Television has gotten much better over the last few decades, but—for many reasons—total advertising has not grown.
Without more advertising revenue, the contribution of better TV to GDP is zero. A few remarks:
For me personally, the value of television is close to zero. I never turn on the TV. Still, if I did have to watch, I would find prefer new shows to the type of shows that were available when I was a kid.
But Greenstein’s larger point is that free services, like Google Maps, do not get valued properly in GDP.
I would like to make the point larger still. The economy is much less legible today than it was in 1950. The most legible components of the economy are agriculture and manufacturing. In 1950, the majority of people worked in those sectors. Today, if you add up farm labor and manufacturing production workers (not including white collar workers in manufacturing), you get maybe 7 percent of the labor force. Pretty much everyone else works in sectors like finance, government, health care, and education, where we do not know how to measure or value output.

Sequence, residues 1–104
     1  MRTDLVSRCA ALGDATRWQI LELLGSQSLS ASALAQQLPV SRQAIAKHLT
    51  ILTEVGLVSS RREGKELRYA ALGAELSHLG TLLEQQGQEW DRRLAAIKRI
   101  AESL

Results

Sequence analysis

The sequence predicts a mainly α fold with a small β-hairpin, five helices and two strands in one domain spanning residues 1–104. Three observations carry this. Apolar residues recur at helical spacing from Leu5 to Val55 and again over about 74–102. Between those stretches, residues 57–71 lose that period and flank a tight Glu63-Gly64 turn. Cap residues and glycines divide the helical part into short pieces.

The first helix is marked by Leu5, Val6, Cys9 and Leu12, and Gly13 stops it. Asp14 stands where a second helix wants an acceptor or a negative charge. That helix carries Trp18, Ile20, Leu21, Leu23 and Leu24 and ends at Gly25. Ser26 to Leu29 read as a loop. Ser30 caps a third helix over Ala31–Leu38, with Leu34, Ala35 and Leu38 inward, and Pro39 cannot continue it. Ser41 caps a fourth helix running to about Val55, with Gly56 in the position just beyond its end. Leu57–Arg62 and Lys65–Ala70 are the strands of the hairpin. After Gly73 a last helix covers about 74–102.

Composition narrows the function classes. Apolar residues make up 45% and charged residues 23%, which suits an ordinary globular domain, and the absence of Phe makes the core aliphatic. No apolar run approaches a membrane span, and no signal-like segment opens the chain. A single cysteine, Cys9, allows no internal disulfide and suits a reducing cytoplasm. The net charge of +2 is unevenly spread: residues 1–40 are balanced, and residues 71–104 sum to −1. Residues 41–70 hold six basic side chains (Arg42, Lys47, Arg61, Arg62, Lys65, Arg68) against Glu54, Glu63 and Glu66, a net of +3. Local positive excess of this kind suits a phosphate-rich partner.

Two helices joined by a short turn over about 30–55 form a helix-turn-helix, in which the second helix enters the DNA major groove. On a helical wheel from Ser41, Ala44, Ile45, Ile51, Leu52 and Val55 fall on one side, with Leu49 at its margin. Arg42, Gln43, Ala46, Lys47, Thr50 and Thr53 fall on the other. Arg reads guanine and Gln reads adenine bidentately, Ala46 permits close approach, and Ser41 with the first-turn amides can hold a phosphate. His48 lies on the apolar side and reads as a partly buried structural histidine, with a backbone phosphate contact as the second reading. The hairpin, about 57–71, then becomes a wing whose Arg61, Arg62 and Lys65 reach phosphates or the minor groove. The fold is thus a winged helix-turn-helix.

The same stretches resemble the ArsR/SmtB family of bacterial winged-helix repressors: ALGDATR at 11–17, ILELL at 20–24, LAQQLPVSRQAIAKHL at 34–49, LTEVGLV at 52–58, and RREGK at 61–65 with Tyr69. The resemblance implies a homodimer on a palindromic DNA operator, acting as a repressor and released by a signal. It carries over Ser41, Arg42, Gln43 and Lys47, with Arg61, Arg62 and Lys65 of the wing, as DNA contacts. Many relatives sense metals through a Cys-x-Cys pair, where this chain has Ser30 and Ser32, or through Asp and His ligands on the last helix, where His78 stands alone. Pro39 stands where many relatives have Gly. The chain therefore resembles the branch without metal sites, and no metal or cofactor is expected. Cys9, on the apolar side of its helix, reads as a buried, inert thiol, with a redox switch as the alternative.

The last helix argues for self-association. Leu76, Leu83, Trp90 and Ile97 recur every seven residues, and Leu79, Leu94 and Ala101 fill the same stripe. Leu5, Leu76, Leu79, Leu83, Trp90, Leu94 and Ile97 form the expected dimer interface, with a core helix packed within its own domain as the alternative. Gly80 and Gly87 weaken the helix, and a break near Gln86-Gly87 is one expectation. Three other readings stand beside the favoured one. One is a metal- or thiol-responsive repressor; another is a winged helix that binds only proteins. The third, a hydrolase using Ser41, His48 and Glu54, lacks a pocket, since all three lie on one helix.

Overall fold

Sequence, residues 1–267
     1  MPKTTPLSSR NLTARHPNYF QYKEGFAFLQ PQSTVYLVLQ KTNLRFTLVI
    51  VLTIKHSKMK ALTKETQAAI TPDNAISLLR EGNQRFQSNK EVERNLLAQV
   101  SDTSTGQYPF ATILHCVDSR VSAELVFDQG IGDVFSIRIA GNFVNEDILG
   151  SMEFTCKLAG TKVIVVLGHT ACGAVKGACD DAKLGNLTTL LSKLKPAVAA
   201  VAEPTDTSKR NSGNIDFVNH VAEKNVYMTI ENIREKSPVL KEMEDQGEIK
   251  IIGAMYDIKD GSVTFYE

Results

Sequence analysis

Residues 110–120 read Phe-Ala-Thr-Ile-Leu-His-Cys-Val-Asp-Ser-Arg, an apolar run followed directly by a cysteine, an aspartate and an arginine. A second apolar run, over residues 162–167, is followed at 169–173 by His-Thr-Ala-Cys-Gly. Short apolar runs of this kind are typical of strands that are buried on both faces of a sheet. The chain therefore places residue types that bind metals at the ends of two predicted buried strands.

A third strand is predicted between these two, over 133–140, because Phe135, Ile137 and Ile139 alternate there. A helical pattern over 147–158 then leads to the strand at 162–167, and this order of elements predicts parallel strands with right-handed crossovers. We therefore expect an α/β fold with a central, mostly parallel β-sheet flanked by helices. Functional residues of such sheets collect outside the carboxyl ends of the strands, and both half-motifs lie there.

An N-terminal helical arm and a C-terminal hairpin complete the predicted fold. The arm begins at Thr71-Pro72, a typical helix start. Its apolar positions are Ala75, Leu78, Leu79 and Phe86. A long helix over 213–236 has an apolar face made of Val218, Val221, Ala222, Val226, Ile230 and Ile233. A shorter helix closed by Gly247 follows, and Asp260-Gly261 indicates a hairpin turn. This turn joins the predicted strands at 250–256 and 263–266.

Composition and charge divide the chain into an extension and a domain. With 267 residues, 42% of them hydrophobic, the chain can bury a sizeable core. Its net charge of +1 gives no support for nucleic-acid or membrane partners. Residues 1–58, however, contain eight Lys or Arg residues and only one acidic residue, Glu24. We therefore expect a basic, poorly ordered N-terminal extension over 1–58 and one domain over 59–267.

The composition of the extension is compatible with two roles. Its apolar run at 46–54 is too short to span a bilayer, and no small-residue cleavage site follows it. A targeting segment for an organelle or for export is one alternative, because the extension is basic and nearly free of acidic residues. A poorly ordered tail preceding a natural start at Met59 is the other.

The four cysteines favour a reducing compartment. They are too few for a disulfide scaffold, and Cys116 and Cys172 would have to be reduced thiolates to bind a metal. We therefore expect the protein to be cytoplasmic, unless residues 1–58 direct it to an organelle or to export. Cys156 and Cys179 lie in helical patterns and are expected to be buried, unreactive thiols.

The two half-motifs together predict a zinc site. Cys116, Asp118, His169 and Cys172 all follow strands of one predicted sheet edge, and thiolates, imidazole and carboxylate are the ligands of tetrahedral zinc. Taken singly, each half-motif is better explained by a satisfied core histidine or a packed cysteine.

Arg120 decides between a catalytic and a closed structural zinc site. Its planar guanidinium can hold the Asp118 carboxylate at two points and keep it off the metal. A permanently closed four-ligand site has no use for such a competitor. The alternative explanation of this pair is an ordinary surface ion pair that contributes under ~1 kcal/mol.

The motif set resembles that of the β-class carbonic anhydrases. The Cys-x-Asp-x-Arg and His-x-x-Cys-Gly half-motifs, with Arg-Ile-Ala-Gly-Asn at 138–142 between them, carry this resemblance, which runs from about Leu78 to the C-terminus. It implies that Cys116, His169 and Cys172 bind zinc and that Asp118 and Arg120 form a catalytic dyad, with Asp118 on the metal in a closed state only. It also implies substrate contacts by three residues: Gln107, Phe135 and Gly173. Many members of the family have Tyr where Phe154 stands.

The Department of Commerce hums along, producing a number for GDP. And many economists read a lot into the behavior of this number. In the process, they treat an increasingly illegible economy as if it were still legible.